One of the biggest changes that we have seen as a result of the COVID-19 crisis is that consumer technology companies with strong shared value traits have seen rapid acceleration in their growth. COVID-19 has led to a forced adoption of digitally enabled services in segments that have been slow to benefit from the power of technology. For example, there has been a shift towards NHS services from GP check ins, to mental health delivery and diagnostics being delivered remotely using online technology platforms. In food, online sales have increased to 9% in April up from 5% in 2019. Business models that are targeting the vulnerable and hard to access have benefitted particularly strongly, for example, services that help the elderly stay in the home such as food boxes, care services and technology enabled monitoring.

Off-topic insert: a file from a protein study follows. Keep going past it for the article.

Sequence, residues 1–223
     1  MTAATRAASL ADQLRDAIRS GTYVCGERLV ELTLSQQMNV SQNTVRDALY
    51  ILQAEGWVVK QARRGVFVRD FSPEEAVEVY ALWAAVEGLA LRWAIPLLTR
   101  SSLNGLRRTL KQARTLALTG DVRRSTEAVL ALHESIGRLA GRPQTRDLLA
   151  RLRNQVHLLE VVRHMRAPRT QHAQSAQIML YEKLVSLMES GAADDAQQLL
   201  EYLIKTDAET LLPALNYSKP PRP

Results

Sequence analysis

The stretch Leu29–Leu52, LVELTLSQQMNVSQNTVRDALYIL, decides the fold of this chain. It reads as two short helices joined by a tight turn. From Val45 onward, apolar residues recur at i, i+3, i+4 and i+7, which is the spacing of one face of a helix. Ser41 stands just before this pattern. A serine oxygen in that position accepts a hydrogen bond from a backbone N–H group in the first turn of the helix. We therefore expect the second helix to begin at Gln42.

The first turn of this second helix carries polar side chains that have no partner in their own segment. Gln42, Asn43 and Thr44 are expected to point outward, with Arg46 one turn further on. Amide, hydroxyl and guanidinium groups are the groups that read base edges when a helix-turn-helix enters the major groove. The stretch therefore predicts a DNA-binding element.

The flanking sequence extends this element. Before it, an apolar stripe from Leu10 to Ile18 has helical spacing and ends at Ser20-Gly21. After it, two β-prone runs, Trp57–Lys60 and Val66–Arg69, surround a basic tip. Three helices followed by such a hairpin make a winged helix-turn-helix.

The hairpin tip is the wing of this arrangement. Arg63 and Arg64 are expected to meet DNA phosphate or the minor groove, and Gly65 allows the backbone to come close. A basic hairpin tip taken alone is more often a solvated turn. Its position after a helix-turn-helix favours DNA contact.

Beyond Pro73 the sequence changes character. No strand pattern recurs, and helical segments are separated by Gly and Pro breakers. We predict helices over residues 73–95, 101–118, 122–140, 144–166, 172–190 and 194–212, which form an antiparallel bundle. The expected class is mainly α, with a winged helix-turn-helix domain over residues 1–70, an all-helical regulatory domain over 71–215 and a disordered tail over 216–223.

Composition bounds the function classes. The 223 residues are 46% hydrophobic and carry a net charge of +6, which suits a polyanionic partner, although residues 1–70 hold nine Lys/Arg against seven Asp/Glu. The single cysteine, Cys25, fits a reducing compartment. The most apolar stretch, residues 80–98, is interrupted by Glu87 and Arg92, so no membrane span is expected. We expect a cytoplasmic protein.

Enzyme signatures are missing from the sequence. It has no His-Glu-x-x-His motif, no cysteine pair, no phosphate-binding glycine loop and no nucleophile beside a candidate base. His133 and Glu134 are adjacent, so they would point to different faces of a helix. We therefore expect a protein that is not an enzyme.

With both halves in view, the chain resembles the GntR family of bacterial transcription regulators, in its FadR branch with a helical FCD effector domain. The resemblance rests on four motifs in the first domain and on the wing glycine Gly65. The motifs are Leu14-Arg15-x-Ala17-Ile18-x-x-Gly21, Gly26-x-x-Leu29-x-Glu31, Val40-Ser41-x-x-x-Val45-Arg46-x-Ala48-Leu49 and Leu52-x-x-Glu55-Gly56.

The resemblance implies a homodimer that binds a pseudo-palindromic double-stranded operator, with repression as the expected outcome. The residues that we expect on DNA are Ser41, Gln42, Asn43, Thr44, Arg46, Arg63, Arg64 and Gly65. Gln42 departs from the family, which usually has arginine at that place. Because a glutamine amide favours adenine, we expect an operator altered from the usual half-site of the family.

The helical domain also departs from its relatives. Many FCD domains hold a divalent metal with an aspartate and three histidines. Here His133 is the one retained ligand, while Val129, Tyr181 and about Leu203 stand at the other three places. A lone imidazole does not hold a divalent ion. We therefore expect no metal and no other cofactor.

COVID-19 has re-enforced Eka’s belief that the most important determinant of an early stage business’s success is the quality of the founding team. The teams with the strongest founders, even in sectors that on the face of it have been challenged by COVID-19, have found ways to iterate their models to fit the evolving landscape. It has been inspiring to see the resilience and creativity that we have witnessed from some of the founders that we have worked with during the COVID-19 period.
We see impact investment becoming increasingly mainstream as all stakeholders (customers, talent, shareholders, acquirers) recognise the power of having a shared impactful mission and the potential it has to generate sustained, strong commercial returns. Our hypothesis is that there will be increased opportunities across sectors, including: